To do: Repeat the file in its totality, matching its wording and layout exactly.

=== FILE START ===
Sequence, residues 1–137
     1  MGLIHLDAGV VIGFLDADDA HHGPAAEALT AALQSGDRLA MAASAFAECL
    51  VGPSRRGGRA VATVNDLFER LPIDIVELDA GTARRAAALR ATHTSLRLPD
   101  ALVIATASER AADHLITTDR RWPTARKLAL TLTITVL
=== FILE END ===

Sequence, residues 1–137
     1  MGLIHLDAGV VIGFLDADDA HHGPAAEALT AALQSGDRLA MAASAFAECL
    51  VGPSRRGGRA VATVNDLFER LPIDIVELDA GTARRAAALR ATHTSLRLPD
   101  ALVIATASER AADHLITTDR RWPTARKLAL TLTITVL